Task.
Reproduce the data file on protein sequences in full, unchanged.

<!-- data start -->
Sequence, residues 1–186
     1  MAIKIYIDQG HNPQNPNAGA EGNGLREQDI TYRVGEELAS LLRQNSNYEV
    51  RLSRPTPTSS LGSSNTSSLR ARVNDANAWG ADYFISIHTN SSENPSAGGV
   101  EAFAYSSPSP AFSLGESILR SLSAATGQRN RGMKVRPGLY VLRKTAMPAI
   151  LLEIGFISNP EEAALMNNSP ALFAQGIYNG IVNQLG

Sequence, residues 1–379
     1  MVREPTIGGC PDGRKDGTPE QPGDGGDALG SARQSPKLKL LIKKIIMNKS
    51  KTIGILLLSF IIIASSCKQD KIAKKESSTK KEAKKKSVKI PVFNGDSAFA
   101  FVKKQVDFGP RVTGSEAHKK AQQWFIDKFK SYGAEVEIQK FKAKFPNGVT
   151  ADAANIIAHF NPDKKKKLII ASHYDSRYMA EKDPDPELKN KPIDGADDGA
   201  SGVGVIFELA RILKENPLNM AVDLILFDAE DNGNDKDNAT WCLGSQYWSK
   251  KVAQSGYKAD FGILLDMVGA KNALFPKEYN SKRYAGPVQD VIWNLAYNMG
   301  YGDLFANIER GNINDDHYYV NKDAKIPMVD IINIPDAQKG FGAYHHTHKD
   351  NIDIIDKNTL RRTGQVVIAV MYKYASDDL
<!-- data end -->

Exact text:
Sequence, residues 1–186
     1  MAIKIYIDQG HNPQNPNAGA EGNGLREQDI TYRVGEELAS LLRQNSNYEV
    51  RLSRPTPTSS LGSSNTSSLR ARVNDANAWG ADYFISIHTN SSENPSAGGV
   101  EAFAYSSPSP AFSLGESILR SLSAATGQRN RGMKVRPGLY VLRKTAMPAI
   151  LLEIGFISNP EEAALMNNSP ALFAQGIYNG IVNQLG

Sequence, residues 1–379
     1  MVREPTIGGC PDGRKDGTPE QPGDGGDALG SARQSPKLKL LIKKIIMNKS
    51  KTIGILLLSF IIIASSCKQD KIAKKESSTK KEAKKKSVKI PVFNGDSAFA
   101  FVKKQVDFGP RVTGSEAHKK AQQWFIDKFK SYGAEVEIQK FKAKFPNGVT
   151  ADAANIIAHF NPDKKKKLII ASHYDSRYMA EKDPDPELKN KPIDGADDGA
   201  SGVGVIFELA RILKENPLNM AVDLILFDAE DNGNDKDNAT WCLGSQYWSK
   251  KVAQSGYKAD FGILLDMVGA KNALFPKEYN SKRYAGPVQD VIWNLAYNMG
   301  YGDLFANIER GNINDDHYYV NKDAKIPMVD IINIPDAQKG FGAYHHTHKD
   351  NIDIIDKNTL RRTGQVVIAV MYKYASDDL